Thank you for reading,

Jen xx

If Heaven had a Phone – Connecting Through Shared Experiences

I have been very humbled with the response I have received on social media with my two recent poems about grief and loss.   Today I will share these poems and talk about the power of poetry to express feelings and ideas and to connect people through similar experiences.

The first of the two is one I wrote a few days ago while thinking of my dearly departed Dad and the songs he used to sing:

You miss the little things
The songs they sang
The jokes they told
The memories are always there
You never let them go
Onto them you hold
You remember precious moments
They make you happy
They make you sad
They may have left your life
But that they were in it
You are glad

                              Jen Elvy

Here, I experimented with a new rhyming structure,  making every 3rd line rhyme.   It came relatively easy,  poems from the heart often do, but the one bit I needed to polish was the last part.  I knew what I wanted to say and I knew I wanted to use the sad/glad rhyme.  It was just fitting the lines together so that they made sense and followed the structure of the poem.  I am pleased with the end result and it touched several others on my instagram and facebook pages.

I am thankful that I’ve had such a lovely response from writing about this very delicate topic.  My feelings about my Dad often make the words flow and others who have suffered similar losses have been able to relate to what I have written.   Many of us now have suffered loss and if we can connect through poetry then that is a blessing.   If my poem can comfort just one person then I’ve done ok.   If it can reach several, then even better. There was a line in a poem that touched me recently.  The poem is called “I Was With You” and it was written by Michael L Shutters.  The line is

I know every word you would say to me if we had another day”  

It honestly hadn’t occured to me that those who have left us know what we would say given one more moment.   We constantly wish for that extra day or even hour with them to tell them everything that we would have liked to when they were still with us.   Never had I thought that they might know what we would say already.   So that was a great comfort to me and I’m sure to others too.

Encouraged by my ability to reach out,  I also wrote this one. I will first share it with you in my normal format and then I will share the image I created:

If Heaven Had a Phone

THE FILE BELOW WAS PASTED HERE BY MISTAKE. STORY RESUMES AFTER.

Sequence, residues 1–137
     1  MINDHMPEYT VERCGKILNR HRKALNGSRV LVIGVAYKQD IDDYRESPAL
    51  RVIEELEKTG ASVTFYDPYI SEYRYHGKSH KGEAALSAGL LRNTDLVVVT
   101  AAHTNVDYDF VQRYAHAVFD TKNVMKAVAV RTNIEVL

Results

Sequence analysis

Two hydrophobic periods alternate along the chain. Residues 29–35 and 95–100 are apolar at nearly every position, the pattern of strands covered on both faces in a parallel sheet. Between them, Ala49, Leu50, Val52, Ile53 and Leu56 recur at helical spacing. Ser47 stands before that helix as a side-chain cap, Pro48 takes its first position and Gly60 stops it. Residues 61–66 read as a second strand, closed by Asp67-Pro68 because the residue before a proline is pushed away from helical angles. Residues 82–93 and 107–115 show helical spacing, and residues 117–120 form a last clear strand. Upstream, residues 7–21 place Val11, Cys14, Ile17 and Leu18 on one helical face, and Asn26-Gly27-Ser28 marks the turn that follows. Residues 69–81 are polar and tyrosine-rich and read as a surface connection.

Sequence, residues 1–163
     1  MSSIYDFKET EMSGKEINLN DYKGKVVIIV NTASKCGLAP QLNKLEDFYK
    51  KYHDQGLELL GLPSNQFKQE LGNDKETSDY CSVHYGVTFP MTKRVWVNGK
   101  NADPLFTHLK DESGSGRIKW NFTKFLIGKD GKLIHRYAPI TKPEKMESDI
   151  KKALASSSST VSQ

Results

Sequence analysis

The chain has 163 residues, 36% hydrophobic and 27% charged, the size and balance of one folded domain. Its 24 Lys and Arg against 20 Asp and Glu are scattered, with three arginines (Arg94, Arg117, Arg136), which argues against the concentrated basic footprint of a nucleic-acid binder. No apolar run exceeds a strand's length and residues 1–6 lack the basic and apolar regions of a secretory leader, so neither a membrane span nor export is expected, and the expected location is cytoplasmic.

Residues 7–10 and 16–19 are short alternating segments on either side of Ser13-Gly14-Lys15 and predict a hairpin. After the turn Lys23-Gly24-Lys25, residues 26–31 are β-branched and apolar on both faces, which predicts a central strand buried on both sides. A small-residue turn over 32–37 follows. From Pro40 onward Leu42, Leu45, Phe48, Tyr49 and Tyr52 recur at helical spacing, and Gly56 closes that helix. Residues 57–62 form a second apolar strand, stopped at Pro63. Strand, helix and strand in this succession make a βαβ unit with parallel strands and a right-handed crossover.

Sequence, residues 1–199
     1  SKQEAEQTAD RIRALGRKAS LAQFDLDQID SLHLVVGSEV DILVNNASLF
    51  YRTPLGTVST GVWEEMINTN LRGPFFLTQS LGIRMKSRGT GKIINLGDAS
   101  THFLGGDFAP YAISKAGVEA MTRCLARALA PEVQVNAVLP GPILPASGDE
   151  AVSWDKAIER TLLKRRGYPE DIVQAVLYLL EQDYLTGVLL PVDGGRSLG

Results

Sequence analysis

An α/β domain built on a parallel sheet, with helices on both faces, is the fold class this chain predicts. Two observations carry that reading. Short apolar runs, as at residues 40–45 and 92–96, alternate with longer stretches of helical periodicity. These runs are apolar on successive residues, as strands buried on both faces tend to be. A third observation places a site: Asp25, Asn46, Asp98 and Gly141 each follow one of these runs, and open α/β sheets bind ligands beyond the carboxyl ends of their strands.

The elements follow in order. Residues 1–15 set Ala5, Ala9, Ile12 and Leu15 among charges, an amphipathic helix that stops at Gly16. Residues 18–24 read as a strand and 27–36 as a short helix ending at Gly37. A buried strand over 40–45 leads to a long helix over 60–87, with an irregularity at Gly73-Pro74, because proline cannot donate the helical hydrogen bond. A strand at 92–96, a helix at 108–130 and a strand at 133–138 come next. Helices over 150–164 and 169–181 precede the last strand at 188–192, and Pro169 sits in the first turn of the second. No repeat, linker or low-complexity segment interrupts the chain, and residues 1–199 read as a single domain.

If heaven had a phone
I would call you right away
And tell you that I miss you
Every single day

If heaven had a phone
There would be no end
I’d call you up and talk to you
Like I would an old friend

Each day you’re not here
And we cannot speak
It makes that one day
Feel like a whole week

It feels as though no one
Can calm my fears
If I could just call you
There’d be no more tears

If heaven had a phone
I wouldn’t know where to start
But I’d know for certain
We’d never really part

   Jen Elvy 

It’s not exactly a new concept as thousands have written it on social media and I imagine that there are other poems on this too but I wanted to write a poem about it myself.  While the first poem I shared I wrote straight off, I did a bit more ground work for this one.  I did some free writing on the subject to get my ideas, thoughts and feelings flowing.   During my free writing session I wrote the first verse of the poem.   It may be an obvious rhyme but I feel the line worked.   As I worked through the verses I found that each time, the first two lines were good but I didn’t like the second two lines so I started again using the better lines to build a rhyming poem.   Feeling that it was quite a good poem but maybe not my best work I posted it online.  I actually used an image I found on PINterest as a background and used a new app I’ve acquired , Over, to paste the poem onto the image. Here is the result:

heaven

I hope you like the image.  It is not entirely related to heaven having a phone as such but depicts steps to heaven beautifully.   Again, I am humbled by the reaction to this poem and everyone’s kind words.   Be assured I will continue to use poetry to share my feelings and emotions on this very delicate but important topic and I hope my words can be of some comfort.

Thank you for your continued support,

Jen x

Happy Place – A Series and a Workshop Idea

Today I want to share with you a series of poems that I recently wrote.   The first introduces the topic and is designed to get the reader thinking. The next two are responses to the poem.

Without further ado I will share the first of 3 poems on the topic “Happy Place”

Do you have a happy place
Where you like to go?
Somewhere you can seek out
In sun, rain or snow?

Do you have a happy place
Where you can hide out,
When life just gets too sticky
And you want to scream and shout?

Do you have a happy place?
Is it near or far?
Can you walk right to it?
Or do you need a car?

Or is your little happy place
Somewhere deep within,
Where you can reach your happy thoughts
And hear them dance and sing?

Jen Elvy

The poem is largely aimed at children and I would love to use it in a workshop at some point when working with children of primary school age.  If you work with children, maybe you want to use as an introduction and a stimulus for their poems about their happy place? If you do, let me know how you get on.   I decided to do a couple more poems on the topic.

Here is the first:

My happy place is a bench by a lake
Where time out for myself I can take
I sit peacefully and watch all the trees